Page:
Your profile, please

When the giants of Net business say they want to protect your privacy, they're really trying to make you feel comfortable about giving up more information about yourself.

Topics: Privacy,

over the last month, Netscape, Microsoft and a veritable Who’s Who of corporations interested in promoting Internet-based commerce announced their support for what they billed as a major privacy protection scheme — the “Open Profiling Standard,” or OPS. On the surface, the proposal’s goals were estimable: to make online users the ultimate arbiters of how much of their personal information they give out to the rest of the Net.

Cynics immediately noted that the initial announcement came just two weeks before Federal Trade Commission hearings targeting the issue of Net privacy. Clearly, the companies lining up to praise OPS were anxious to avoid government meddling.

No shock there: The desire for online privacy runs directly at odds with one of the most attractive aspects of doing business online — the Net’s capacity for helping target marketing and advertising efforts directly at specific users.

“The Internet is an absolute gold mine,” says Jerry Kang, a law professor at UCLA and online privacy expert. “Private and commercial forces want to exploit database marketing by tracking cyberspace transactions. But individuals just don’t want that. They are worried that their personal information will be misused.”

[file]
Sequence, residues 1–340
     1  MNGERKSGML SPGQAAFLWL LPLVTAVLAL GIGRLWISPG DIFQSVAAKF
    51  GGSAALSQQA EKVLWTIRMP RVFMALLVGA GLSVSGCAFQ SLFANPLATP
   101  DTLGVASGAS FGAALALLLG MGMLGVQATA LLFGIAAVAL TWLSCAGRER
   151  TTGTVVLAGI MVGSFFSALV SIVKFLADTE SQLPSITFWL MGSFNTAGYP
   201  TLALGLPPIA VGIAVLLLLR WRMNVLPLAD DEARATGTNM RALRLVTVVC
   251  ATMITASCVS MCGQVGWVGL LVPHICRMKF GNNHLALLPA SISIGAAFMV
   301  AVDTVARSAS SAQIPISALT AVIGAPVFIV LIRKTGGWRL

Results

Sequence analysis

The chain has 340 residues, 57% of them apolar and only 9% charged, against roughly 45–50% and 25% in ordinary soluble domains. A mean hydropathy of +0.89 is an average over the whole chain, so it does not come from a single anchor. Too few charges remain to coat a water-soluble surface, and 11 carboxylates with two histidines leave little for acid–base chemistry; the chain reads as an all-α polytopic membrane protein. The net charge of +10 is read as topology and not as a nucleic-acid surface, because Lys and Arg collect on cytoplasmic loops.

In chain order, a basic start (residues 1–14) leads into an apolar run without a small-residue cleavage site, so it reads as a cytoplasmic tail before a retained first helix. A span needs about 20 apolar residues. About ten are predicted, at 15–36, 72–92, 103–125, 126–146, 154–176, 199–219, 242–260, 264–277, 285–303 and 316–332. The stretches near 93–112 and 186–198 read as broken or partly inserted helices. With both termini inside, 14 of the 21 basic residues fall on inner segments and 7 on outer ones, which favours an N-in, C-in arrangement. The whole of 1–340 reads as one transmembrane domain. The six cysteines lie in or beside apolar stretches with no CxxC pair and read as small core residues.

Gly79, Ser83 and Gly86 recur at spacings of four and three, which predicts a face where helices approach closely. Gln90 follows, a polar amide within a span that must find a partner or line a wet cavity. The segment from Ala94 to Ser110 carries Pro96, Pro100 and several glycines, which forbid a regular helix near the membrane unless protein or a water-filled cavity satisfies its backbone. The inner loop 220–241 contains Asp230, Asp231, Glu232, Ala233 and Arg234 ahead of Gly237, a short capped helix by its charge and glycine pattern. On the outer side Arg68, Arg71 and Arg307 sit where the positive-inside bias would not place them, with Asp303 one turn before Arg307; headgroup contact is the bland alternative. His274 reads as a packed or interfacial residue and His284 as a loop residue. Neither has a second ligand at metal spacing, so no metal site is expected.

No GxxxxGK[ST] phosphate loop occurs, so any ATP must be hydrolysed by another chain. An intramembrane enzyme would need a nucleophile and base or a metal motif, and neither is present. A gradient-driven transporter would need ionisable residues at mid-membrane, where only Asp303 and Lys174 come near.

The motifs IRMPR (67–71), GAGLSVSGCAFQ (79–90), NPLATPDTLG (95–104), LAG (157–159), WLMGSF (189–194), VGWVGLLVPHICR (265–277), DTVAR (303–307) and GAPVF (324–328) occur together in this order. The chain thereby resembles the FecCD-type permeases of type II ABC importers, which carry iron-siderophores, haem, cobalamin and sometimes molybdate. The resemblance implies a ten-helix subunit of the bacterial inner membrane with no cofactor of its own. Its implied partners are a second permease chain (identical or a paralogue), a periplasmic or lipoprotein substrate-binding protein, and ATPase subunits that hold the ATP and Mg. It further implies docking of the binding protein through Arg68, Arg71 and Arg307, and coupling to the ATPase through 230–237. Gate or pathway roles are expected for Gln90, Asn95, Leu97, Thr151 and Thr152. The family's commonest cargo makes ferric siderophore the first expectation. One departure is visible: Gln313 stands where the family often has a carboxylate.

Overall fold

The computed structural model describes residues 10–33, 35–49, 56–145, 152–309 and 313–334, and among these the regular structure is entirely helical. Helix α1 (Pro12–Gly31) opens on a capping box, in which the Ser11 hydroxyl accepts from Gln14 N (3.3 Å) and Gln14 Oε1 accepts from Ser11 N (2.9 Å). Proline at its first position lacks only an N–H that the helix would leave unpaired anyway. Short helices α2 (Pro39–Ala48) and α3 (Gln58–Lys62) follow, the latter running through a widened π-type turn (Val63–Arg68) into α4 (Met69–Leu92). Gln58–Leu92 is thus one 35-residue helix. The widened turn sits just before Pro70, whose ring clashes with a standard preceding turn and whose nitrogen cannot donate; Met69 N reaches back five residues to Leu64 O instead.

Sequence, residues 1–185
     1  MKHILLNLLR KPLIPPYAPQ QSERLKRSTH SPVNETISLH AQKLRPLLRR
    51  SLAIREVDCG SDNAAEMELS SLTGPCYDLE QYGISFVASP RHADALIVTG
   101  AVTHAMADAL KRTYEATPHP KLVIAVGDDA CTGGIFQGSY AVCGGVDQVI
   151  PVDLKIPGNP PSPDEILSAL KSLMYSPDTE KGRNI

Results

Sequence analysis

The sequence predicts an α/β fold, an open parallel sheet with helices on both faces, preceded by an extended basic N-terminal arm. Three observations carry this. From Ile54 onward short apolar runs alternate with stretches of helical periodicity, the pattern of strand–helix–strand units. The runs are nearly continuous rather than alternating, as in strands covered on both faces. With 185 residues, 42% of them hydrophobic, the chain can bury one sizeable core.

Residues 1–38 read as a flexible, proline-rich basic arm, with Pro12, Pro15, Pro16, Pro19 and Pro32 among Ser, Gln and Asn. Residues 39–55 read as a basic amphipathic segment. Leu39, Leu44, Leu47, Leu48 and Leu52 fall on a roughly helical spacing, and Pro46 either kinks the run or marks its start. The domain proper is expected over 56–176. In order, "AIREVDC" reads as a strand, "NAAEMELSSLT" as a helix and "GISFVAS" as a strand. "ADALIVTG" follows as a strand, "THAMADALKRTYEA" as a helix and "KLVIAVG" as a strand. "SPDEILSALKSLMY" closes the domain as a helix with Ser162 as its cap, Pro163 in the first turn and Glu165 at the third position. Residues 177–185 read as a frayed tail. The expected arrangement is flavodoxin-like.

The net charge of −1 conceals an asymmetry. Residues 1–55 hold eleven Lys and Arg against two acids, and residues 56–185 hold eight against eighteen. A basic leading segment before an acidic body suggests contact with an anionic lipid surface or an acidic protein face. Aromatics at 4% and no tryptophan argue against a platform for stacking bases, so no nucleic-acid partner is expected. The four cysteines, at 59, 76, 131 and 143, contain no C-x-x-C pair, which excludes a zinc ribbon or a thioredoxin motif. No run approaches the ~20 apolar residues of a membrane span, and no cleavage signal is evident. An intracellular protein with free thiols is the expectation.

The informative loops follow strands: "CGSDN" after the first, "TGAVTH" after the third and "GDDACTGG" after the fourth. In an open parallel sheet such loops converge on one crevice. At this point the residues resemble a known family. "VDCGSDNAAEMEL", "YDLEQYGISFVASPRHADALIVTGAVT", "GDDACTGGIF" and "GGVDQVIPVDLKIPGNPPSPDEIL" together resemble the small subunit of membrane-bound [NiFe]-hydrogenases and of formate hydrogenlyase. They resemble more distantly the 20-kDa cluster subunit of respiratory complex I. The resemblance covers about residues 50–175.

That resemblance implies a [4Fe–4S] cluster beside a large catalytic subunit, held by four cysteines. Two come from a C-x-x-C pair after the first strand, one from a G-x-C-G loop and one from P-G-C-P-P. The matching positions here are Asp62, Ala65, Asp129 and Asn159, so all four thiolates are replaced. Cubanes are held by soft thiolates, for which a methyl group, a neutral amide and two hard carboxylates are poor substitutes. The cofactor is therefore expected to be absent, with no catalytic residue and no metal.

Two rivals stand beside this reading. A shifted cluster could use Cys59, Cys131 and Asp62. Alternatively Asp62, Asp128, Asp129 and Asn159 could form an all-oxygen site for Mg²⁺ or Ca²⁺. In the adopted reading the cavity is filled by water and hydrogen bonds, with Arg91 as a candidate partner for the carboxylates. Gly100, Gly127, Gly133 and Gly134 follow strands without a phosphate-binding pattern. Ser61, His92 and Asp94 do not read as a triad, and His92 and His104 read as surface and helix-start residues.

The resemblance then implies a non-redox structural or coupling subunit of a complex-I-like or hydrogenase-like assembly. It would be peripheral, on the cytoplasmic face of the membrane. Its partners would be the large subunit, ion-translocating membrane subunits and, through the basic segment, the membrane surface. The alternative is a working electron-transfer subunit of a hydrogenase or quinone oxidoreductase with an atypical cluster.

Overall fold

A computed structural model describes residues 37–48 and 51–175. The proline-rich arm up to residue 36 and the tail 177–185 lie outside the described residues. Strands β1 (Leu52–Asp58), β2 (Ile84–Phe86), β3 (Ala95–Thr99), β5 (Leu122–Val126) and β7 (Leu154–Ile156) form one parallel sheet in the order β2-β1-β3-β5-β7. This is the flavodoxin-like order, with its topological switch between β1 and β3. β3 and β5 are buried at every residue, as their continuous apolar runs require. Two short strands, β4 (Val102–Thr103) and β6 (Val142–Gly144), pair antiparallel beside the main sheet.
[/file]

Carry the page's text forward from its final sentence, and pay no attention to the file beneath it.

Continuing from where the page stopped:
The Catch-22 is obvious: to truly protect user privacy would negate the Net’s direct-marketing potential. It’s a difficult contradiction to resolve — all the more so when the driving force behind OPS’s ostensible privacy standard turns out to be the Net’s preeminent specialist in commercializing personal information.

Most press coverage of OPS has focused on the fact that arch-enemies Microsoft and Netscape managed to agree on the proposal, making it likely to become a de facto standard. But the nuts and bolts work of designing OPS was carried out by a company called Firefly, an advertising-driven Web site that recommends music and film selections to users by comparing their own preferences to a database of other users’ likes and dislikes. The entire OPS strategy is an extension of Firefly’s current approach to handling its users’ personal information, with the addition of some digital certification tools cooked up by the cryptographic specialists Verisign.



Firefly’s online lineage is ancient, in Web years. It began in 1993, under the name Ringo, as an e-mail-based music recommendation system operated by MIT graduate students. It quickly morphed into HOMER, a Web-based version of Ringo. The graduate students then formed their own company, Agents Inc. (now called Firefly), rounded up some venture capital and broke important new ground as one of the first true experiments in Web-based commerce.

Firefly’s breakthrough innovation was combining its database of user preference information with the possibilities of Web technology to offer advertisers a profoundly interesting opportunity. Advertisers could specify exactly who they wanted to target their ads at — all people who liked techno music, or solo female country artists. Once Firefly combined this information about users’ taste with demographic data — like users’ geographic location or purchasing habits — one could get very specific indeed.